ATLANTIC CITY, N.J. (AP) -- Atlantic City's newest casino has locked down additional credit that gives it much-needed breathing room after a slow start.
Revel inked a deal Wednesday night giving it access to $70 million in additional credit, Revel Entertainment CEO Kevin DeSanctis said Thursday in a telephone interview with The Associated Press.
The resort now has commitments for $100 million — more than enough to get it through 2013 comfortably, he said.
"I would assume that once everybody reads about our closing (on the credit deal), folks would understand we now have liquidity," DeSanctis said. "Almost any analyst will understand we'll be liquid through 2013 and beyond."
The credit deal came just hours before the president of the city's main casino union called on state gambling regulators to investigate whether Revel is financially stable — a key requirement for operating a casino in New Jersey. A declaration that a casino is not financially stable could lead to the loss of its license.
Bob McDevitt, president of Local 54 of the Unite-HERE casino union, sent a letter Thursday morning to the state Division of Gaming Enforcement voicing concern about Revel's ability to pay its bills. He cited $27 million in outstanding liens and lawsuits from contractors and vendors.
"This is a potential catastrophe," he said in a telephone interview. "I deeply believe that. I'm not cheerleading for this to happen. It doesn't help me as a union head if they collapse and go under. These are potential workers we could organize."
The union has battled with the mostly non-union Revel since before it opened in April. McDevitt said Revel hasn't added new business to the city, but has siphoned it from other struggling casinos. He fears Revel could fail, and drag other casinos down with it.
"It's so easy to go out and say things without having to worry about facts," DeSanctis responded. "That's just a wonderful thing."
The union said Thursday afternoon it still has grave concerns about Revel's financial stability, despite the added credit reserves.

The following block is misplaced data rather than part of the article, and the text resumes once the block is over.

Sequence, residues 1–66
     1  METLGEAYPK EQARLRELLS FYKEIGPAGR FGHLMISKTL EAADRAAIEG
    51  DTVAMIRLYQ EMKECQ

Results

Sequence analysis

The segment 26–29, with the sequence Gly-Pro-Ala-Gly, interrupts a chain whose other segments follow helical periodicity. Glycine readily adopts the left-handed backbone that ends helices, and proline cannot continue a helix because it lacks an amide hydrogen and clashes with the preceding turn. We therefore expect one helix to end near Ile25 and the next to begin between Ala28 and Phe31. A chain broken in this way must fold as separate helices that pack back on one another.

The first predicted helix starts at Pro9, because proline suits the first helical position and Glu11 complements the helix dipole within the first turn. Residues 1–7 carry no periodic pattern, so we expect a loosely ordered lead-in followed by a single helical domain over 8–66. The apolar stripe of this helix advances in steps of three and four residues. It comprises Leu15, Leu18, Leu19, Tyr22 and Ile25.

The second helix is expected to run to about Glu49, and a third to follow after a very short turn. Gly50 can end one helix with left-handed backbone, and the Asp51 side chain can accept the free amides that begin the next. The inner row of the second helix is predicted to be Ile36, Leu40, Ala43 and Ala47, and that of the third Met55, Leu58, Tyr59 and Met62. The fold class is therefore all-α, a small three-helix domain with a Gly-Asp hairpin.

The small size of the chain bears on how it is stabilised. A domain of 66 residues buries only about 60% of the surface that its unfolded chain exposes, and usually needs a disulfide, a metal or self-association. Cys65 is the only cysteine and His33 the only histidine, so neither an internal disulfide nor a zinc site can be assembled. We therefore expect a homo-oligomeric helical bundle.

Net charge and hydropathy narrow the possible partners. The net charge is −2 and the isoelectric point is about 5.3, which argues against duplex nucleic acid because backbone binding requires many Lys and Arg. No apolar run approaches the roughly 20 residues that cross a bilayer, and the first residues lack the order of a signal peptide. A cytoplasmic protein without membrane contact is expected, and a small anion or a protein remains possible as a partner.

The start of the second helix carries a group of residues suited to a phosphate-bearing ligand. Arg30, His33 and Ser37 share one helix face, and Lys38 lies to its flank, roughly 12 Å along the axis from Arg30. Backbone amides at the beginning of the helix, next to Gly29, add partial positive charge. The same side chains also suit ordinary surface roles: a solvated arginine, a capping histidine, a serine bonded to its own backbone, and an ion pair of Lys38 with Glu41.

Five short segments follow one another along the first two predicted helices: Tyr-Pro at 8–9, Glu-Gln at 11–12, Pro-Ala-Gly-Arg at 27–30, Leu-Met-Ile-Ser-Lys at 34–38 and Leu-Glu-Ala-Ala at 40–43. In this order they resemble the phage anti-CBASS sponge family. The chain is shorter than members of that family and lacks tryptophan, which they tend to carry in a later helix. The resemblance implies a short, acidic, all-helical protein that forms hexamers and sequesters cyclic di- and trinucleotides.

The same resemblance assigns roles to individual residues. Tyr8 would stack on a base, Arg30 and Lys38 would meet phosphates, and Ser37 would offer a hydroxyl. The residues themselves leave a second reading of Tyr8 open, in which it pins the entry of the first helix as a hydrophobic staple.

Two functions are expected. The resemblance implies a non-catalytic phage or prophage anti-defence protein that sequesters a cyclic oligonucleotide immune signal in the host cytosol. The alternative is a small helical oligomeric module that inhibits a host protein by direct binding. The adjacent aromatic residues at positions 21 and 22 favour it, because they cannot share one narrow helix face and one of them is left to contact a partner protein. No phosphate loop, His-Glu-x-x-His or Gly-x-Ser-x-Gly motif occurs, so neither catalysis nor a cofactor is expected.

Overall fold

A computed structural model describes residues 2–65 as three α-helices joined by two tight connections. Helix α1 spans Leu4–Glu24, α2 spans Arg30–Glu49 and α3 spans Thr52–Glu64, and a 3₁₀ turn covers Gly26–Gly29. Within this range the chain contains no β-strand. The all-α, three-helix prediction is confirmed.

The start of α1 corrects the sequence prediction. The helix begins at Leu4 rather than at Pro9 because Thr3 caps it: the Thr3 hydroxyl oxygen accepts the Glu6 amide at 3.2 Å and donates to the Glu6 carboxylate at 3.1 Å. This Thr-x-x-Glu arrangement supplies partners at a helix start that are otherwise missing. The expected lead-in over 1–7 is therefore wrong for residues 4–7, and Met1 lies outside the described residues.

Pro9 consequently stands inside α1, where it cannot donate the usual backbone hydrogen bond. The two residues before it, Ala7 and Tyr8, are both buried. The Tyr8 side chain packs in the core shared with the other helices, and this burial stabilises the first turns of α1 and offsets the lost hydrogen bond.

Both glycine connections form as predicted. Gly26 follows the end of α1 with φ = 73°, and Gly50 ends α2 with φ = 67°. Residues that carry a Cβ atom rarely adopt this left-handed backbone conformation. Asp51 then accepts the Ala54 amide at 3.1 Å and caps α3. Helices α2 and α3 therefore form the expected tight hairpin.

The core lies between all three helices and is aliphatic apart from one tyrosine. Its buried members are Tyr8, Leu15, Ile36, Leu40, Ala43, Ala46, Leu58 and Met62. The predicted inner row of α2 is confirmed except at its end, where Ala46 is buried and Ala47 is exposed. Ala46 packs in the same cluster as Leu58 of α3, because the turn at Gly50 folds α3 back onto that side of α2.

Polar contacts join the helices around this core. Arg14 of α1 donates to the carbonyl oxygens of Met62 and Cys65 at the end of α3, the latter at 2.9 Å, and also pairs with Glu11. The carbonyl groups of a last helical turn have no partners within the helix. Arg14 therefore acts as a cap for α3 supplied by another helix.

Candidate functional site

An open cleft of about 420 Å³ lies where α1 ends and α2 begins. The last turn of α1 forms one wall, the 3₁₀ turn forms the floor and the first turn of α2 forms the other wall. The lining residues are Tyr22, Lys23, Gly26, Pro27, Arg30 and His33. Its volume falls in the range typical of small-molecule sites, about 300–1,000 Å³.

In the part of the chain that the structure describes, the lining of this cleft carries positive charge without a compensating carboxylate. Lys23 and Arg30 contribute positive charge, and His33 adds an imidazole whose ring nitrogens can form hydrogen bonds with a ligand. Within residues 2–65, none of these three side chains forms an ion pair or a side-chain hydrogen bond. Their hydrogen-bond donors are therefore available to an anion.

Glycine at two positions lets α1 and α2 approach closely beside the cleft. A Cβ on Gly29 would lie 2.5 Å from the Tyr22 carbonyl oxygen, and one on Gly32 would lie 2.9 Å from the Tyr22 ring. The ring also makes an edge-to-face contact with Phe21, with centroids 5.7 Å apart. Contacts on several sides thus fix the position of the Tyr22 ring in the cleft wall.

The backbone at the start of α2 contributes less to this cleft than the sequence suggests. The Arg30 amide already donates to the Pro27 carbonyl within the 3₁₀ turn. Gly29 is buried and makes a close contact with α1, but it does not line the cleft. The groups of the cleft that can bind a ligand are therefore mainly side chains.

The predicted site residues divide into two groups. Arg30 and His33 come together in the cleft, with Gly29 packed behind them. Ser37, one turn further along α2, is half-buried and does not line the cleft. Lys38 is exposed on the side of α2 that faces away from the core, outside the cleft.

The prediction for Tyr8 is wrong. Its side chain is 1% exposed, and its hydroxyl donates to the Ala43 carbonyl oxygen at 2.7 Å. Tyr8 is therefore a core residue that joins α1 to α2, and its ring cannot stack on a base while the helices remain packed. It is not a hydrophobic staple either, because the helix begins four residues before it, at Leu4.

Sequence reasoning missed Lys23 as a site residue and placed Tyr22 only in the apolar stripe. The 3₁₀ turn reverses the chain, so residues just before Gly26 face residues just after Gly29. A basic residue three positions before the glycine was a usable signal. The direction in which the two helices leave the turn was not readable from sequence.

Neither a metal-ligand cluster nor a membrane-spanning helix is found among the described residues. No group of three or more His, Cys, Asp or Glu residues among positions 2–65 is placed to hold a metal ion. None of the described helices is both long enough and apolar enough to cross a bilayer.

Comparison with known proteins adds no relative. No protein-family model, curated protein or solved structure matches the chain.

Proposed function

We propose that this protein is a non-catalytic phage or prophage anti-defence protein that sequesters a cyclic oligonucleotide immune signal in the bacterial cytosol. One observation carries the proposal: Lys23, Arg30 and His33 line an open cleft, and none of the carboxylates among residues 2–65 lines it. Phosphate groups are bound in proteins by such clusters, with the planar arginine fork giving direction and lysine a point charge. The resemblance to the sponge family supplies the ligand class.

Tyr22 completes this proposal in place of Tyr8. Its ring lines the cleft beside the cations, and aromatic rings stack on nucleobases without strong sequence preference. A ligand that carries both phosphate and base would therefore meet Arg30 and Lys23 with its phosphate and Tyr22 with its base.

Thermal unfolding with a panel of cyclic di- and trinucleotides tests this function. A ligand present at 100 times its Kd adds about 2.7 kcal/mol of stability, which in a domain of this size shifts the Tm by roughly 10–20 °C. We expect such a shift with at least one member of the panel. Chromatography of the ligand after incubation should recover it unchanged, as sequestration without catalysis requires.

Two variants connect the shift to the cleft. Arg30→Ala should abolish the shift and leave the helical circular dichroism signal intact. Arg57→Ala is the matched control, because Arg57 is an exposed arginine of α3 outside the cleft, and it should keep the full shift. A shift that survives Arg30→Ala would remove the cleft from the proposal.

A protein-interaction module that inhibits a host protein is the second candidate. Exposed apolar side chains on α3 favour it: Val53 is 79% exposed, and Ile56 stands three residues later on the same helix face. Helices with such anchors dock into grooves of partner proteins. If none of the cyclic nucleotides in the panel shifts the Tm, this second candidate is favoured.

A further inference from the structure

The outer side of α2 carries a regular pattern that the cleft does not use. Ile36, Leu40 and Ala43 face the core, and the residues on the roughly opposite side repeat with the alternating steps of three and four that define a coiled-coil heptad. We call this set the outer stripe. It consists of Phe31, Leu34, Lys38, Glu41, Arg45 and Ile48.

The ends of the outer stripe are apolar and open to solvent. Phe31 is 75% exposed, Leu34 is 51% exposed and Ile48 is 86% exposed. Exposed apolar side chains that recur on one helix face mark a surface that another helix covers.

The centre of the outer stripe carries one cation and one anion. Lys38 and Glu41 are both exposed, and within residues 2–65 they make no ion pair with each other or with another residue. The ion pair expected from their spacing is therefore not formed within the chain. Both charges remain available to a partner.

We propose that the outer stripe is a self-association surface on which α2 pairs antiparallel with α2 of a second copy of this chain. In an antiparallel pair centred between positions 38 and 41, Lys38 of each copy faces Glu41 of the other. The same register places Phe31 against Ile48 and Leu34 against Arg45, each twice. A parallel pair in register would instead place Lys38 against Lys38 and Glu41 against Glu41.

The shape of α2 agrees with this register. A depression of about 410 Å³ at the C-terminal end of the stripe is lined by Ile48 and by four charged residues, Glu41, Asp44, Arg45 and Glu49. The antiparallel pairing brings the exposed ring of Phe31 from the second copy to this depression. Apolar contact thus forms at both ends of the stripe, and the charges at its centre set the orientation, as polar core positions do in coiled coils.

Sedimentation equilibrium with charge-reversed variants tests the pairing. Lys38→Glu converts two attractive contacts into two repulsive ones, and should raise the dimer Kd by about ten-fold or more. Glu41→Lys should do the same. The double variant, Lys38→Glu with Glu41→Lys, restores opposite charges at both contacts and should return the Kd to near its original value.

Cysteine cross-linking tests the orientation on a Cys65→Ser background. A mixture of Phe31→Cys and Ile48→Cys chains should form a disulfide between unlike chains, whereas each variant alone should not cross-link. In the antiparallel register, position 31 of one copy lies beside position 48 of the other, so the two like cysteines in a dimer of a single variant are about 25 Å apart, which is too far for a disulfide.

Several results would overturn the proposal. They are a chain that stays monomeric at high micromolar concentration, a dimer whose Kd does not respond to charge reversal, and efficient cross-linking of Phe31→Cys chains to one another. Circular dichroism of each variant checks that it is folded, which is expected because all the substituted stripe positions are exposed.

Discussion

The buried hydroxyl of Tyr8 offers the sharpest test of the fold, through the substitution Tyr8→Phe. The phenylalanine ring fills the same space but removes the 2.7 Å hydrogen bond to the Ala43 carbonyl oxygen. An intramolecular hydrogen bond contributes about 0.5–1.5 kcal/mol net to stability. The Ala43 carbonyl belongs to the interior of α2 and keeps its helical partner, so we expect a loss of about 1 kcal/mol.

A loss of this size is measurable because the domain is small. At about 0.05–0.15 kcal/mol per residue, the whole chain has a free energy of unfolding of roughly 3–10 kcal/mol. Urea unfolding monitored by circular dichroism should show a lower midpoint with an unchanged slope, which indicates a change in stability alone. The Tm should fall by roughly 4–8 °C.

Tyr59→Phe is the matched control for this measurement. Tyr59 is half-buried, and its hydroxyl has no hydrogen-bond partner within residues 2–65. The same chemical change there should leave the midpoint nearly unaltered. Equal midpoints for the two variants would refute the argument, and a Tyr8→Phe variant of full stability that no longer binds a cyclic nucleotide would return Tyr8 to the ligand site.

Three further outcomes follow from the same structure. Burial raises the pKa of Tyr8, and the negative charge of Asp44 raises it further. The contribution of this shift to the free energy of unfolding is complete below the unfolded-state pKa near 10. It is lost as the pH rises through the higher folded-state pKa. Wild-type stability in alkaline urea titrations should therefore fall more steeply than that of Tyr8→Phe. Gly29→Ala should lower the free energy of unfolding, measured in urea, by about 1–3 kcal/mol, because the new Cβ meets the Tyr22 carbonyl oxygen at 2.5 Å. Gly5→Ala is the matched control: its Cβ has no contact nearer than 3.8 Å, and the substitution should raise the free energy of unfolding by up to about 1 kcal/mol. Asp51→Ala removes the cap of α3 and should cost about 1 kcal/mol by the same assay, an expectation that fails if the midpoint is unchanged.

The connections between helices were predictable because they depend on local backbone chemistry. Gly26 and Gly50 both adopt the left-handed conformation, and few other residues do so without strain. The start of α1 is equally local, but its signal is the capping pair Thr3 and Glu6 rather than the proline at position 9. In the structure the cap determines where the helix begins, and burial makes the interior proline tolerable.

Lisa Spengler, a spokeswoman for the Gaming Enforcement Division, said Director David Rebuck would not comment on the union letter. She said the agency has been "actively monitoring all financial matters, including obligations to contractors, since the preview opening of Revel."
The $2.4 billion resort is off to a slow start. Widely seen as a potential savior for Atlantic City's declining market, Revel has been mired in eighth place among the city's 12 casinos in winnings from gamblers since the resort opened last spring. Revel posted a $35 million gross operating loss, and its gambling revenues have not been near what analysts or Revel executives had expected.
Revel brought in $17.5 million from table games and slot machines in July, up from $14.9 million in June. In May, it took in $13.9 million, up slightly from $13.4 million in April, its first month of operation.
DeSanctis said critics are focusing too heavily on those traditional, easily identifiable yardsticks in judging Revel, which he said relies less on gambling winnings than traditional casinos.
"People are having a really hard time understanding our business model," he said. "Because our business model is the way it is, our cost on a daily basis is significantly lower than most folks believe."
But he acknowledged that Revel needs to boost its casino winnings by several million dollars a month. "Ultimately, our next hurdle is to get to the mid-20s," he said.
DeSanctis also said the post-construction claims are normal for a project of Revel's size.
"We will pay every dime of everything we owe," he said, adding that the company will not pay what it does not owe.
Wayne Parry can be reached at https://twitter.com/WayneParryAC